UK Undercounted EU Net Migration by Almost One Million over Past Decade

Pro-EU demonstrators rally during the People's March for Europe against Brexit in Parliament Square in central London on September 9, 2017. - Thousands joined the pro-EU march calling on politicians to "unite, rethink and reject Brexit". (Photo by NIKLAS HALLE'N / AFP) (Photo credit should read NIKLAS HALLE'N/AFP via Getty …
NIKLAS HALLE'N/AFP via Getty Images

A report from the Migration Observatory at the University of Oxford has estimated that the Office for National Statistics (ONS) undercounted net EU migration to the United Kingdom by an average of 93,000 per year between 2012 and 2020.

The study estimated that, in total, net migration to Britain was 15 per cent higher than previous estimates from the ONS, with many more people entering the country than initially believed.

The discrepancy between the former figures and the reality came as a result of the structural problems inherent in the previous immigration counting system — the International Passenger Survey — which was in effect until recently.

Under the old system, the government would compile an estimate of immigration based on a voluntary clipboard survey of 250,000 arrivals per year at some points of entry to the country, rather than actually counting the number of people coming in and out of the country.

Updated methods still refrain from doing an actual tally but include supposedly more reliable means of estimating numbers, such as tracking taxes and benefits.

Under the new counting system, the ONS now estimates that over the nine-year period up to March 2020, net EU immigration averaged 216,000 per year, or 76 per cent higher than previously disclosed.

According to the revised data, immigration from countries in the European Union accounted for 64 per cent of all migration, up from the 42 per cent reported by the old survey method.

Breitbart London has previously reported on the apparent faulty nature of using the IPS numbers to count migration, particularly in light of the massive discrepancy between the estimates and the number of foreign migrants being granted National Insurance numbers.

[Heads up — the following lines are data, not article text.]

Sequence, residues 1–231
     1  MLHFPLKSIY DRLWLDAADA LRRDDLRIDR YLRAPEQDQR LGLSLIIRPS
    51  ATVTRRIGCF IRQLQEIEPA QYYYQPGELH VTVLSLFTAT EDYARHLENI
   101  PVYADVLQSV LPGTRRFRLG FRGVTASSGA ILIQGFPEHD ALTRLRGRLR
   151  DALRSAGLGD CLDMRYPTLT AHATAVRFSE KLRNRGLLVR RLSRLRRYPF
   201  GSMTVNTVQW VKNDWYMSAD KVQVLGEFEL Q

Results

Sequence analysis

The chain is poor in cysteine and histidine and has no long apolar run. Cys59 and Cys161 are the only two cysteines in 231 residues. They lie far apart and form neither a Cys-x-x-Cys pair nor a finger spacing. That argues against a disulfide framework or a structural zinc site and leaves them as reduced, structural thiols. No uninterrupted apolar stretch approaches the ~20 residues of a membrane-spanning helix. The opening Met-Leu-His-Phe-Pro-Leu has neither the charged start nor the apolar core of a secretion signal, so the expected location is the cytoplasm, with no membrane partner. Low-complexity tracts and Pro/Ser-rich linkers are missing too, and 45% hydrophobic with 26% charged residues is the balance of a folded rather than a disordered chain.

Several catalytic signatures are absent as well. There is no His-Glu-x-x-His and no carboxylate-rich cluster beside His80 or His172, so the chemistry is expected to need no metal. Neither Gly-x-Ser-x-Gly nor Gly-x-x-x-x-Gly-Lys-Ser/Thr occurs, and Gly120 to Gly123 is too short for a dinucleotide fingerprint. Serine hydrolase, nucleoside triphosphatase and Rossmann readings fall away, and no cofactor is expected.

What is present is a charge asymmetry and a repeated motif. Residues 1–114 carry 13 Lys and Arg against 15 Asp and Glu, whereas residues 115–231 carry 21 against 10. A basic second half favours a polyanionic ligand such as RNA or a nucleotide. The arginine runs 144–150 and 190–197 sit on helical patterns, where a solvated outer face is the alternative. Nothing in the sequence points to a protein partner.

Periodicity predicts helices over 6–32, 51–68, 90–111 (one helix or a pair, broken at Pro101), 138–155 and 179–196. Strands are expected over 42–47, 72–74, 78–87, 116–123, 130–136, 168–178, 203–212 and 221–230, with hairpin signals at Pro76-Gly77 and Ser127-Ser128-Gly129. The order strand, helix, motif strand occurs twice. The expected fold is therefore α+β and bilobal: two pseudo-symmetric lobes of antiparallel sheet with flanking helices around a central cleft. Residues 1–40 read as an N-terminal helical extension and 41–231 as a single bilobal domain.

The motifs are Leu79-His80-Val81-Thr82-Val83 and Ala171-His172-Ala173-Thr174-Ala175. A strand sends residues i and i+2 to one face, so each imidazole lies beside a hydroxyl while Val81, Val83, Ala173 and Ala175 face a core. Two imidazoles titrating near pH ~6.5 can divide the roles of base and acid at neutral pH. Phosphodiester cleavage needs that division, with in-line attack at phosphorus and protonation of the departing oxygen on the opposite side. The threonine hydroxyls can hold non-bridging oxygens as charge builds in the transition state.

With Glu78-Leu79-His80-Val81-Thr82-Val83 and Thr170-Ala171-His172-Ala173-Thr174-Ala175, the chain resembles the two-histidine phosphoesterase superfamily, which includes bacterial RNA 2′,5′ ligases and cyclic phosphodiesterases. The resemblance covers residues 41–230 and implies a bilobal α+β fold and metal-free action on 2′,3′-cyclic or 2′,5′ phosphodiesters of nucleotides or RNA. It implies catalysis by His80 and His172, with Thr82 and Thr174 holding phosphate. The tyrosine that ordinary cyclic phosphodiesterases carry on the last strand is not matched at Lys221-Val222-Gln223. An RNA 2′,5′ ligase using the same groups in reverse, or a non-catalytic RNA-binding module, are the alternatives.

“UK migration policy for the last decade has been based on data that massively underestimated EU immigration and overestimated non-EU immigration. So, choices that affected huge numbers of people were based on incorrect assumptions,” the Migration Observatory said.

One of these government policies may have been the long-standing but never realised pledge from the Conservative Party to reduce net immigration “from the hundreds of thousands to the tens of thousands”, which Prime Minister Boris Johnson has now dropped.

A spokesperson for the Home Office claimed that “The British people voted to take back control of our borders and end free movement — that is exactly what this government has delivered” — although in fact both legal mass migration and illegal immigration appear to be rising, notwithstanding the impact of the coronavirus pandemic on the former.

Boris Johnson’s government has often touted a new points-based system as a means of “taking back control”. However, because the plan fails to introduce a hard cap on the number of migrants per year, like the Australian points-based system it is supposedly modelled on, the Migration Watch UK think tank has suggested that it could actually lead to an increase in migration, as it leaves the door open to some 660 million potential migrants.

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